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Wetland macroinvertebrates at the Sterling Wildlife Management Area in southeast Idaho, USA.

ABSTRACT

The goal of this research was to investigate presence of macroinvertebrates (insects, mites, snails, and worms >500 [micro]m) and their availability for waterfowl consumption in the Sterling Wildlife Management Area (SWMA) by documenting colonization of wetland plant litter. Litter bags containing Typha latifolia (cattail) or Schoenoplectus acutus (bulrush) litter were placed in groups on the wetland surface at five locations within predominant stands of each plant species and removed on two sampling dates during the irrigation season (April-September 2001 and 2002). The wetland received irrigation flows in summer but dried in the winter. Predominant taxonomic macroinvertebreate groups in the SWMA were snails (Gastropoda, Planorbidae), mites (Acariformes, Calyptostomatidae), and midges (Chironomidae: Chironominae and Tanypodinae). Shifts in functional feeding group densities over the irrigation season were detected by shifts in the predominant taxonomic groups. Simpson's Diversity (H') increased significantly between July and August both years but was the only community measure to differ significantly over time. Although shifts in taxa were observed, abundance of macroinvertebrates remained consistent throughout the irrigation season and the availability of macroinvertebrates for waterfowl consumption remains consistent. The purpose of this research was to describe the benthic macroinvertebrate community associated with two dominant macrophytes common to WMAs throughout Idaho. Macroinvertebrates within a WMA in a semi-arid location in Idaho were described to investigate their availability as a food source for waterfowl.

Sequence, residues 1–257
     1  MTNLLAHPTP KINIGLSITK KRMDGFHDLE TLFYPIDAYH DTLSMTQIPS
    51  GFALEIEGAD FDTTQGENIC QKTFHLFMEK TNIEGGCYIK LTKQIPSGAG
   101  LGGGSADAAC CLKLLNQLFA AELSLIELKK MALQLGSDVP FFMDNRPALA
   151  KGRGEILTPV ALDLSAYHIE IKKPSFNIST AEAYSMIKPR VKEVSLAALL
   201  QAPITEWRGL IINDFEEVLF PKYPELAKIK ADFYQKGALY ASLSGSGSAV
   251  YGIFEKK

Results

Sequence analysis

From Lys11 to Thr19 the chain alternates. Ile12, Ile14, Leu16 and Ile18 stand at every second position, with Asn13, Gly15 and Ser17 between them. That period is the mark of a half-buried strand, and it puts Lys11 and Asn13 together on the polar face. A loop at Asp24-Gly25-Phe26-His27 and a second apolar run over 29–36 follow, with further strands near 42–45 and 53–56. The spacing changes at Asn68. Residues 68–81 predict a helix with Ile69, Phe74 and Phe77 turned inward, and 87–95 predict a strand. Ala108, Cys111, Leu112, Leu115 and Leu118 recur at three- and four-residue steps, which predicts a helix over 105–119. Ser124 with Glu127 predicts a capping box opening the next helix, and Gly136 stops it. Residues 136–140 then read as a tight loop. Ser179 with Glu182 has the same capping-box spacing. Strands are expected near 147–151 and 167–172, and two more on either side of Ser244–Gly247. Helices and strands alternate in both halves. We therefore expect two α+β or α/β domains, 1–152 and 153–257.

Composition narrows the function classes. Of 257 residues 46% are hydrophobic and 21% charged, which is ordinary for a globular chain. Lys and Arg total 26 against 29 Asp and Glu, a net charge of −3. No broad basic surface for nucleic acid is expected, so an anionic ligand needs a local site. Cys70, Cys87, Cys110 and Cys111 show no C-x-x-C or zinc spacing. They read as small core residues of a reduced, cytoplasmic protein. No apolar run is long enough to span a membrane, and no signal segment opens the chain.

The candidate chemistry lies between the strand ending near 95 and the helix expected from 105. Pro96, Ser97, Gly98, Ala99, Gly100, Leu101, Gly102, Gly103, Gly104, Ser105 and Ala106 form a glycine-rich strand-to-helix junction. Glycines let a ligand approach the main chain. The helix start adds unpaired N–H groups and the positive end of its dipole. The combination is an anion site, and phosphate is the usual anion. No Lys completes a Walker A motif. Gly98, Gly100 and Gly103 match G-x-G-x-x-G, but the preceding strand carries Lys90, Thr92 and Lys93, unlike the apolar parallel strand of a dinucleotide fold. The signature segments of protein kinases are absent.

Key Words: wetland, macroinvertebrates, functional feeding groups, diversity, waterfowl

INTRODUCTION

Temperate wetlands are some of the most productive ecosystems on earth (Westlake 1963). As a result, wetlands support complex food webs with the large pools of carbon and macronutrients associated with live and senescent macrophytes (Mitsch and Gosselink 2000). Macrophytes (aquatic vascular plants) affect ecosystem processes in wetlands and aquatic habitats. Rooted aquatic plants link the sediments with the overlying water and air; this living interface strongly influences the strata (the chemical, physical, and biological properties of each medium). Similarly, the annual decomposition of senesced litter has considerable impact on each of these strata (Carpenter and Lodge 1986) and in many wetlands litter exceeds biomass. Upon senescence, macrophytes enter the detrital (fragmented dead litter) food chain as autochthonous litter, are rapidly colonized by bacterial algae, and collectively this microbial/detrital milieu becomes important as a food source for macroinvertebrates (insects, mites, snails, and worms >500 [micro]m) (Wetzel 1975, Smock and Harlowe 1983). Consequently, macroinvertebrates are important processors in marsh ecosystems (Johnson et al. 2000) and provide a link in the food chain by becoming available for consumption by predators.